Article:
DJ’ing and record shopping played a big part in my youth. In secondary school the fact I had turntables (2x Numarks and a Soundlab mixer) gave me a little bit of notoriety and lead to me meeting some of my oldest friends. I was lucky because when I was about 14 my cousin introduced me to Jungle, Drum ‘n’ Bass & UK Garage and would give me music and mixtapes by her husband, Ray Keith.
I’m 34 now but back then things seemed a bit more subculture driven. If you were into D’n’B & UKG you generally dressed a certain way and gravitated towards certain people, likewise if you were into Metal or a ‘grunger’. My friends and I spent most of our weekends going into our local town Croydon. Some of us would go record shopping and others would just hang about the Whitgift Centre or go to the weed shop in the indoor market. Most trips my little crew would split from the main group (we tended to travel in big numbers in those days) and embark on this little route that allowed us to hit up a few different spots.
First stop was Beano’s, a second-hand record shop that had a few floors and always seemed to have really affordable 12’s. I get the impression Beano’s was quite renowned for more traditional record collectors as the main floors were full of Rock, Pop etc but we only knew it as the weird spot that had loads of cheap white labels on the second floor. I remember excitedly unearthing Krust’s – Warhead on one of my first trips and much later in life going there with my mum (on its closing weekend I think) and picking up Scars’ only studio album ‘Author! Author!’. Which gives you a bit of an idea of the scope of the place !
Next stop would be this spot on the High Street that I can’t remember the name of but had the grumpiest owner who would always berate us for how we put the needle on the records (if anyone can remember the name, please hit me up). Then it was down to the now pretty infamous Big Apple Records on Surrey Street Market. Big Apple was definitely the centre of things at that time, DJ Hatcha was a big character behind the counter and they had ashtrays beside the turntables which seemed like the ultimate height of sophistication to us. It was always rammed with punters and the walls were covered in white labels and specialist bits that the shop was pushing. I remember going back there when Grime was kicking off and picking up quite a few anthems of the day, you definitely felt like there were few other spots around London that were as connected to the music you’d hear on pirate radio & at raves.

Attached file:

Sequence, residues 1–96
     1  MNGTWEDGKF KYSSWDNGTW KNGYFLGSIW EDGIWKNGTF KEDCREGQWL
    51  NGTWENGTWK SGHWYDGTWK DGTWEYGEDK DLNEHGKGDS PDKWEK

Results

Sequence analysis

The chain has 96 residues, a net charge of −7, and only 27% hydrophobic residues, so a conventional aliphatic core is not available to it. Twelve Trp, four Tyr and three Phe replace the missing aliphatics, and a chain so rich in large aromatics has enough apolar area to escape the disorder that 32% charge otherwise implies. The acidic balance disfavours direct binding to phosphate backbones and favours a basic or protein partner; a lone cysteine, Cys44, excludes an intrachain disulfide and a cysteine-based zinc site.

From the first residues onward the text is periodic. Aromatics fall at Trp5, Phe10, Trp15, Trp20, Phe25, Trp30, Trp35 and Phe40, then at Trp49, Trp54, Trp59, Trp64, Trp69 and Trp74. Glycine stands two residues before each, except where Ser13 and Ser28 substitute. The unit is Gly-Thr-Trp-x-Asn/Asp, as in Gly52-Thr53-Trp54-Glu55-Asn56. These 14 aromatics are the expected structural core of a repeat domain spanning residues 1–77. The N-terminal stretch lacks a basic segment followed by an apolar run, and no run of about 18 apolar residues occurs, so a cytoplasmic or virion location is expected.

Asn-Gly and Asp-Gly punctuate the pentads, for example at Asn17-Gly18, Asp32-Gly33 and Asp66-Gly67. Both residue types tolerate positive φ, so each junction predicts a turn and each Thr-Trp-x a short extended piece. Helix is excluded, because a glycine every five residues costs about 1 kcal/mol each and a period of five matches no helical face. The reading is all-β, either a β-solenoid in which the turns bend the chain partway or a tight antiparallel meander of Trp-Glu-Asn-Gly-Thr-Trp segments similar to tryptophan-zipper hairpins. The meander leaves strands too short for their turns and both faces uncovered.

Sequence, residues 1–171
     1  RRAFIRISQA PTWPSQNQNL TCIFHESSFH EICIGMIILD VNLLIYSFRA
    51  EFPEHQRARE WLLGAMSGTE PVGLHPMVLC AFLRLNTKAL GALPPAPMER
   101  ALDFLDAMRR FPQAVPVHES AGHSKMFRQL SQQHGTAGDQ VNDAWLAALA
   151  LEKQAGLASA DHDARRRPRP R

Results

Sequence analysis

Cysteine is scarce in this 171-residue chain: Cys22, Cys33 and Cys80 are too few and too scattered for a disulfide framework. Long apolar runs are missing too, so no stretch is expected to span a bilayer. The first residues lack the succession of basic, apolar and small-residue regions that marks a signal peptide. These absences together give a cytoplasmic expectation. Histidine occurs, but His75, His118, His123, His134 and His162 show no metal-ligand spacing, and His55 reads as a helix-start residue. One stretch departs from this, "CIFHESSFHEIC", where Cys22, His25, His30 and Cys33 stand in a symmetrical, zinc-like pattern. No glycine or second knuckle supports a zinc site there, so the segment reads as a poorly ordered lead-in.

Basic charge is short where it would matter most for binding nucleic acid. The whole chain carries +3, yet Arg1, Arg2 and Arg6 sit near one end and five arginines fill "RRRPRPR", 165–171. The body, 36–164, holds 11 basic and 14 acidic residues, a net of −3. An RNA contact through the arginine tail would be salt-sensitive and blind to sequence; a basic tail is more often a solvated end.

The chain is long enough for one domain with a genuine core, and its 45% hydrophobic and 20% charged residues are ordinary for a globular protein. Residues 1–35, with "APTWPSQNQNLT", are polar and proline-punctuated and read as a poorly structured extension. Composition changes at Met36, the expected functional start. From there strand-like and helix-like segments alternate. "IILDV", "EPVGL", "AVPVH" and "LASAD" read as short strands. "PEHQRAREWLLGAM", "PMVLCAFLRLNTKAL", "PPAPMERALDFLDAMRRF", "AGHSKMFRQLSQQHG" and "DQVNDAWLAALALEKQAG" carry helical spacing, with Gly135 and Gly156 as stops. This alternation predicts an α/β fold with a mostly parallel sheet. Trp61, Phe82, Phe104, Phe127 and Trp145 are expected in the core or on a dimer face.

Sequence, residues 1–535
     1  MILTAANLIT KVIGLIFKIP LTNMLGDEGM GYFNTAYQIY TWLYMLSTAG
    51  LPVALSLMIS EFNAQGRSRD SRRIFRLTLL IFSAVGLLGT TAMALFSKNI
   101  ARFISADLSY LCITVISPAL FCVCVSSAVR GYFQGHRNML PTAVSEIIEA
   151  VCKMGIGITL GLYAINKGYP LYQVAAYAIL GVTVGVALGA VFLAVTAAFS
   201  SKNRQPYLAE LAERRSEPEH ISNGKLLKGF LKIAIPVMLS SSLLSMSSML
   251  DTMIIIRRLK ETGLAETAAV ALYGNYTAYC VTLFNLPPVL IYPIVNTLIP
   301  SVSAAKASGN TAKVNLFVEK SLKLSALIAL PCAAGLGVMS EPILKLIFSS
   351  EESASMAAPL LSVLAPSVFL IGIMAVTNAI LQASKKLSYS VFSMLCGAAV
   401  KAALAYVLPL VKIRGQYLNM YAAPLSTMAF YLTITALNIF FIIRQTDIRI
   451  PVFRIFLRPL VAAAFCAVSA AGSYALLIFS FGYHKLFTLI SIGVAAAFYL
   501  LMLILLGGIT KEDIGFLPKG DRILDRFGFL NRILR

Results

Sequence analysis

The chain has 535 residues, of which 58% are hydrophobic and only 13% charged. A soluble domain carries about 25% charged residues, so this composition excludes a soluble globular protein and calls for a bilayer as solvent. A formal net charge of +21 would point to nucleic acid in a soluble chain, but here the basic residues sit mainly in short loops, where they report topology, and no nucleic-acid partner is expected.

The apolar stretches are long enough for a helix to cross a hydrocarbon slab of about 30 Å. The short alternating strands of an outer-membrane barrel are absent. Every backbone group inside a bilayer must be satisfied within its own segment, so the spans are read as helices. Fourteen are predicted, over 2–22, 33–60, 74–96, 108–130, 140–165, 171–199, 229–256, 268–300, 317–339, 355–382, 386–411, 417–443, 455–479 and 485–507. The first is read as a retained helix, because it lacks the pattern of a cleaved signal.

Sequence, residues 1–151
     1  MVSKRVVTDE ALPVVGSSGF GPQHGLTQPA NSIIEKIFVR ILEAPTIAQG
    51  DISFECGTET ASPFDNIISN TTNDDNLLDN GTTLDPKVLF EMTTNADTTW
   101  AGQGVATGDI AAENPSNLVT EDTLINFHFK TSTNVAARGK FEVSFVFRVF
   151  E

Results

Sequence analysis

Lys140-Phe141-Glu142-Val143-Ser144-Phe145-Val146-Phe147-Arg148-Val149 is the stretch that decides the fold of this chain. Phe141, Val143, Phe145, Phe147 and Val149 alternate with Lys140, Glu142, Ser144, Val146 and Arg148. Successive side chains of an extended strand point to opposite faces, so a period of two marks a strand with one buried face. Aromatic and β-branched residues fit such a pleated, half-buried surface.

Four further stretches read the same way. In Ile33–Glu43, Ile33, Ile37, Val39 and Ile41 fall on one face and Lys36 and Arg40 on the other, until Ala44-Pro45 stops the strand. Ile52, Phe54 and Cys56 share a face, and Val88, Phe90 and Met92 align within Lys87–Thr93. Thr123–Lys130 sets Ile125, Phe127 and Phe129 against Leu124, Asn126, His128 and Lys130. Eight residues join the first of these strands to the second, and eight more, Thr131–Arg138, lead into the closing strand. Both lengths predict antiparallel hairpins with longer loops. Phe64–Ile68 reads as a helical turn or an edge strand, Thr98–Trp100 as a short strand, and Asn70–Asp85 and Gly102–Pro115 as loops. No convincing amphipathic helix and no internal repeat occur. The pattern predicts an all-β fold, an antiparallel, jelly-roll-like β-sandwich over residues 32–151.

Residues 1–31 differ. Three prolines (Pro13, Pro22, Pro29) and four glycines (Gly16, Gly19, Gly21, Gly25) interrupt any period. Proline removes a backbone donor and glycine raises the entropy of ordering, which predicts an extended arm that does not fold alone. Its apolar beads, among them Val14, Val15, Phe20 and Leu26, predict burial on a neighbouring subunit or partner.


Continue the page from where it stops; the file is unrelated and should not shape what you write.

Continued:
Despite Big Apple’s reputation and notoriety, it was actually the next stop on our little tour – Swag Records, that really meant a lot to me and my mates. I’m still a really firm believer in how important staff can be in record shops, we were these young and innocent kids looking for records and one of Swag’s staff, Loftgroover made a real impact on my mates and basically secured our business for the next few years. We went to Swag for UK Garage records but it actually wasn’t until a lot later that I realised how infamous the shop was for birthing Tech House, which kind of blew my mind. Going back to the subculture thing – UKG to me just lived in this very specific cultural place and I was just really ignorant to the idea of these shops being anything other than places to buy Brandy ‘n’ Monica bootlegs. I now listen to Gideon Jackson tracks with RIP Productions-esque drums and it seems obvious that someone could combine an idea from one side of the shop (UKG) to the other (Techno & House) but in my 15-year-old head these sounds couldn’t be further apart. Glad I was the only short sighted one though !
Last stop on our magical mystery tour (of Croydon) was Wax City in West Croydon. Wax City specialised in Hardcore & Drum’n’Bass, we were introduced to it by my mate’s sister’s boyfriend who worked there and if we were lucky would acknowledge us when we came in. Wax had what I wanna say was a sort of Aztec & Egyptian decor and definitely felt the most abstract from what we were into at the time. It was one of those spots where I’d stumble across some b-side I’d heard on a Brockie tape that I was never going to knowingly look for.
Keen readers will notice how our route was fairly geographical allowing us to return to places on the way back to the train station (if need be) and dip into HMV for 3 quid major label remixes. We often debriefed at this insanely cheap chicken shop on George Street before heading home, comparing finds while working out how much lunch money we’d have to save before our next trip.
Looking back, I get a lot of joy in knowing I still feel so connected to the sounds I was buying back then and how they shape what I do today. I’d like to think the teenage me would be pretty excited by the idea that I would one day have one of my records on similar stocked shelves, so thank you Croydon.
This piece is dedicated to DnR Vinyl in Addiscombe btw, it’s still got that special energy that I remember from those days and if you’re ever in town I’d really recommend a visit.
x Joy O